I first noticed that my mom wasn’t eating solid foods last spring. She ordered some wonton soup and just ate the broth. This was unusual. It used to be that she would eat the wontons first, and leave some of the broth so “she wouldn’t get full.”
It was also unusual when she started turning down my invitations to go out for lunch on Sunday. For the past several years, ever since my dad died, my mom and I would go to lunch on Sundays.
Some people eat to live; my mom is/was in the live to eat club. No food brought her more joy than bread. And her absolute favorite bread was any kind delivered in a basket, by a waiter, in a restaurant.
It didn’t matter whether the bread was pita from her favorite Greek restaurant, Italian or dark pumpernickel, she could singlehandedly eat all the bread in the bread basket. She never had qualms about asking waiters if they could “bring more bread.”
Despite admonitions by everyone else at the table that she wouldn’t have room for her meal, she didn’t care. She stuffed herself silly with the bread, and then asked the waiter for a to-go box for the meal that she wasn’t able to eat.
She hasn’t eaten much bread lately. She hasn’t eaten much at all. That’s because her esophagus is 80% blocked–in part from old age, and in part from a tumor the doctor suspects is cancerous.
It’s taken nearly six months to get her to go to the doctor about this. She insists she doesn’t have a problem swallowing. When we first went to her internist, he declined to order the swallowing test because she told him that she didn’t have any problems swallowing.
“She can’t eat solid foods,” I protested.
“I don’t think she’ll agree to the test,” The doctor replied.
I explained that if I simply told my mother she had a test, she would comply.
In addition to the swallowing issue, my mother has dementia – not the kind of dementia where you get lost walking around the neighborhood. Her dementia is showing up as confusion and as a loss of interest in the world around her.
Besides a one-hour walk that my mother takes each day, she spends her time sitting in a chair, either staring out into space or sleeping. Her conversations consist of ” Boy, it sure is windy out there.” Or, ” It’s a cold one today.”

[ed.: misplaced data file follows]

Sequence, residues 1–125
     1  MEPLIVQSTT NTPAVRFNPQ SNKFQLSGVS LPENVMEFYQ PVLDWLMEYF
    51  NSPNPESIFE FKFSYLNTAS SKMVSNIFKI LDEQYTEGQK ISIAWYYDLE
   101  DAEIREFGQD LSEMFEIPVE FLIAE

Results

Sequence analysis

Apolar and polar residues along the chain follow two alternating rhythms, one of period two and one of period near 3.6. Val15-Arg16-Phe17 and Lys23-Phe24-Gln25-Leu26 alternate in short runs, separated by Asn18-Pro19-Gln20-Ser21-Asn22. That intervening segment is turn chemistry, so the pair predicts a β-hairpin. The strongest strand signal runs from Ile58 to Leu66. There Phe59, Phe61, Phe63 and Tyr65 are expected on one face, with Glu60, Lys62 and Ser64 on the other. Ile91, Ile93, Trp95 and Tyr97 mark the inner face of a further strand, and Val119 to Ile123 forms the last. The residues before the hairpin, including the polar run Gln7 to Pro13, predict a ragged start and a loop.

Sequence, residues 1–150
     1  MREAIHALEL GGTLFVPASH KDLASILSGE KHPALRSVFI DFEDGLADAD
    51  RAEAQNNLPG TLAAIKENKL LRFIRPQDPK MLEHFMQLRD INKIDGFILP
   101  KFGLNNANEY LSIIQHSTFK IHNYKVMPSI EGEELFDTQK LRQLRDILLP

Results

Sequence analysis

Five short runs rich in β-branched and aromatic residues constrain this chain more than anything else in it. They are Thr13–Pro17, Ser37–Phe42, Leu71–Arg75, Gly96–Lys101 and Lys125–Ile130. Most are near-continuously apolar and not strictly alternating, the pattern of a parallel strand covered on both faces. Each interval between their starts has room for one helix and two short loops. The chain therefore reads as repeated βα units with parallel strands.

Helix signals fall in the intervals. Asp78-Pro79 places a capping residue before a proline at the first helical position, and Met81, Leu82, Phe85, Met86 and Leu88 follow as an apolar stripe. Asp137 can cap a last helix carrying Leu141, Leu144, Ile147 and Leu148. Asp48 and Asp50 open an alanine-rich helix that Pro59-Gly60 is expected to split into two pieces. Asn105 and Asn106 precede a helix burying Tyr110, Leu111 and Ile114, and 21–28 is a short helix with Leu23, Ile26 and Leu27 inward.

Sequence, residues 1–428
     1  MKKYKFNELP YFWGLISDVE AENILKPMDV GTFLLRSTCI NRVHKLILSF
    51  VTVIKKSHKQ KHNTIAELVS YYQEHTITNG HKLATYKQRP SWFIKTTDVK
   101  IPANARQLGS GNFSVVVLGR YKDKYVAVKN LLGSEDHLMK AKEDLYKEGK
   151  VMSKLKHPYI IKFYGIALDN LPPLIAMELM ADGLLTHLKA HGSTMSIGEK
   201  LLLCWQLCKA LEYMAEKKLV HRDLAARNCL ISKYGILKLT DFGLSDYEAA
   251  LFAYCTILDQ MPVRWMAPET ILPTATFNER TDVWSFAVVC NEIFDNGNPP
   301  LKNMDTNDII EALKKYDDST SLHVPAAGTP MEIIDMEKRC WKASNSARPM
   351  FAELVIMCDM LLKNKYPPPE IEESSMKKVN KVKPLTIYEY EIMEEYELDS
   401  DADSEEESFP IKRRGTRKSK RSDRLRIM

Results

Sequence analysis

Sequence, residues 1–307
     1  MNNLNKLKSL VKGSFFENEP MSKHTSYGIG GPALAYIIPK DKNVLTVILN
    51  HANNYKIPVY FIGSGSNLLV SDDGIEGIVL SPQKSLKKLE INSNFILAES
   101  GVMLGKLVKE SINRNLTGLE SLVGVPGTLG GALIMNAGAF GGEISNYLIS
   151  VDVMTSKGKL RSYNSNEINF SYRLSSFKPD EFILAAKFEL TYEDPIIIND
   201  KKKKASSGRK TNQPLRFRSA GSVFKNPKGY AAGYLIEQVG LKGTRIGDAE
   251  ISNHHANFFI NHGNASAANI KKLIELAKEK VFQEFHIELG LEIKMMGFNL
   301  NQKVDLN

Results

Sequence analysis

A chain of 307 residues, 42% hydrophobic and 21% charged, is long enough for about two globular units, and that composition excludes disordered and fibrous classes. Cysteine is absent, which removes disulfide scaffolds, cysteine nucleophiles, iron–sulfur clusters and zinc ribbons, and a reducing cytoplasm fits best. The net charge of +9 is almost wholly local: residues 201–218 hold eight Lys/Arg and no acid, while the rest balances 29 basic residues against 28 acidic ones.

Other than the weather, she doesn’t have much to say.
So when I brought her to the specialist to conduct the endoscopy, the new doctor was confused and called me into the room.
“Why am I doing this test?” he asked me.
“Because her esophagus is 80% closed.” I responded. Evidently the other doctor’s office had forgotten to send the results of the barium swallow indicating the problem.
“I asked your mom if she has problems swallowing,” he said,” She told me her back hurts.”
“Trust me, she can’t swallow. She hasn’t eaten solid foods in months, ” I said.
He thanked me and did the test. Afterwards, he explained she has three things wrong: a closure at the top of her esophagus, a hiatal hernia, and another closure that he is 75-90% certain is a tumor.
If it is, and it’s cancerous, it is inoperable.
He once again asked her about swallowing. She once again told him she didn’t have a problem swallowing.
He said, “Can you eat a steak?”
My mother looked confused.
I said, “She really doesn’t like steak. Ask her about BLTs.”
The doctor said, “Can you eat a BLT?”
With that, my mother perked up. “I love BLTs!” she said enthusiastically.
Of course, that didn’t answer the question of whether she could actually eat one.
It was at that moment that the finality of it struck me. She’ll never eat a BLT again.
One of my earliest memories is sitting in the kitchen of our apartment in New York, my mother and aunt were assembling a loaf full of BLT sandwiches. I was under the age of three. What I remember is my aunt putting mayo on the bread slices and then stacking them loaf style in prep for the rest of the assembly. The stack of bread seemed so tall.
A moment in time, indelibly imprinted on my memory.
The doctor said he was ordering an immediate CT scan. I explained to my mother that she needed another test to see if she has a tumor. Then I asked if she understood what that meant.
She asked, “Will I need an operation?”
I answered honestly, “No, you won’t need an operation.”
Driving home from the day of testing, I asked how she was feeling. She said fine and then told me how much she liked her gloves. “They are really warm.”
No questions about why she needed a CT Scan, the endoscopy, or the reason she has to see the doctor again next Tuesday.
If she were of sound mind, today would have been a very sad, somewhat terrifying day. The doctor basically said he is 75 -90 % sure she has inoperable cancer.
Her mind cannot process the significance of the situation. And for the first time in a very long time, I think that her dementia is a gift. She is not frightened, or sad. She is doing what she does every day: sitting in her chair, staring out into nothingness.
The phone rings. My mother answers. I can hear the person on the other end asking how her about her doctor’s appointment.
My mother answers, ” We had a lovely day.”
Unable to complete another novel, she had decided instead to write about the years she had spent taking care of her mother, who’d suffered from Alzheimer’s. Now, looking at the pile of pages, she felt a quickening flush of panic at the thought of all her own lost time, the confused mess she’d made of this draft, and the work that still needed to be done to sort it all out. What was she doing wasting precious hours on someone else’s story?